including allergic rhinitis and asthma, according to Douglas W. Kress, MD, of the department of dermatology at the University of Pittsburgh.
Recent studies suggest that atopic dermatitis (AD) affects 10%-17% of the U.S. population, and 80%-90% of patients are diagnosed by the age of 5 years, Dr. Kress said in a presentation at Skin Disease Education Foundation’s Women’s & Pediatric Dermatology Seminar.
“There seem to be multiple pathways, which initiate and perpetuate the cutaneous inflammation of AD including exposure to allergens, irritants, and physical trauma, infection, stress, extremes in temperature and humidity,”said. In addition, foods and airborne allergens may trigger AD.
Many parents may believe that certain factors are associated with AD, but most of these perceptions are not supported by evidence, said Dr. Kress, who is also chief of the division of pediatric dermatology at the Children’s Hospital of Pittsburgh. AD appears to be a disorder of T cell dysregulation dominated by Th2 lesions in acute cases and Th1 inflammation in patients with chronic lesions.
No associations have been proven between the development of AD in the first 18 months of life and any maternal dietary restrictions, according to a recent Cochrane review, nor is there evidence for an association between AD and the introduction of solid foods, exposure to fish oil, or exposure to animals at a young age, he said. In addition, a study published in 2016 showed a lack of evidence to support the use of specific allergen immunotherapy for AD.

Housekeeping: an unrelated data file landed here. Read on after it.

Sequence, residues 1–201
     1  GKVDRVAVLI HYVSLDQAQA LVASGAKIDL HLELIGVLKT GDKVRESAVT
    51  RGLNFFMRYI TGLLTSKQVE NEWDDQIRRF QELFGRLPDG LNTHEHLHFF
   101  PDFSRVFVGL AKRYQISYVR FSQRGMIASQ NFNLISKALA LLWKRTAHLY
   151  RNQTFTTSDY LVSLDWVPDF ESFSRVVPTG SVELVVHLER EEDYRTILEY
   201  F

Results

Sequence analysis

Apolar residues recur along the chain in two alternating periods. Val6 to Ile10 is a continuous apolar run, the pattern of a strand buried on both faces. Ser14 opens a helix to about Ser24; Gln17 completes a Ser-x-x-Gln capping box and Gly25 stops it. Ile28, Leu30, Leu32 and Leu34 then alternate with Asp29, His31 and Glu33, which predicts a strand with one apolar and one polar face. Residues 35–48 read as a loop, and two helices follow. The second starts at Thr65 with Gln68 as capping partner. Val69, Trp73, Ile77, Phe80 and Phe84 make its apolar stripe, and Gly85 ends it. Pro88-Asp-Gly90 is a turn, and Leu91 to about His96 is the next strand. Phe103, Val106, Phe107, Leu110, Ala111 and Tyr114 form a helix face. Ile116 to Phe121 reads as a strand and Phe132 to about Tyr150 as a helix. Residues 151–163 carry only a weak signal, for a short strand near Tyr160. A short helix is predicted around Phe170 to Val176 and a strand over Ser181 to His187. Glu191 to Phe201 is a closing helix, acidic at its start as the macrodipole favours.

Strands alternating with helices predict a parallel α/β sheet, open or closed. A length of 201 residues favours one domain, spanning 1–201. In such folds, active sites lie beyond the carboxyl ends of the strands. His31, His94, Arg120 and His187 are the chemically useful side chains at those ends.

However, evidence does support an association between the presence of AD in children and certain other conditions, Dr. Kress said. “Other associations include an increased incidence of alopecia areata, a threefold increase in autism spectrum disorders, and a twofold increase in ADHD in children with atopic dermatitis.”
The only known food allergy linked to AD severity is egg whites; reducing egg white exposure has been shown to improve AD in children with both conditions, he noted.
Although many patients with AD experience annoying but relatively mild symptoms, health care providers should be alert to the potential for infections, particularly with Staphylococcus aureus, and remember that an active egg white allergy has been associated with staphylococcal superantigen sensitization, said Dr. Kress. The increased risk for S. aureus in children with AD may stem from a tendency to underuse antibiotics in AD children, which results in a delayed treatment until the infection becomes overt. In addition, the increased pH in patients with AD might promote the development of pathogenic strains of staph. However, ceramide-based moisturizers could help inhibit these strains by increasing skin acidity.
For patients who have poor AD control with standard therapy, antibiotics may be used as adjunctive therapy. “Consider bleach baths and/or staph decolonization with mupirocin, both of which led to significant improvement in eczema severity compared to placebo,” Dr. Kress said. “Bleach may also have an anti-inflammatory effect.”
Dr. Kress disclosed relationships with Pfizer, Amgen, and Sanofi/Regeneron. SDEF and this news organization are owned by Frontline Medical Communications.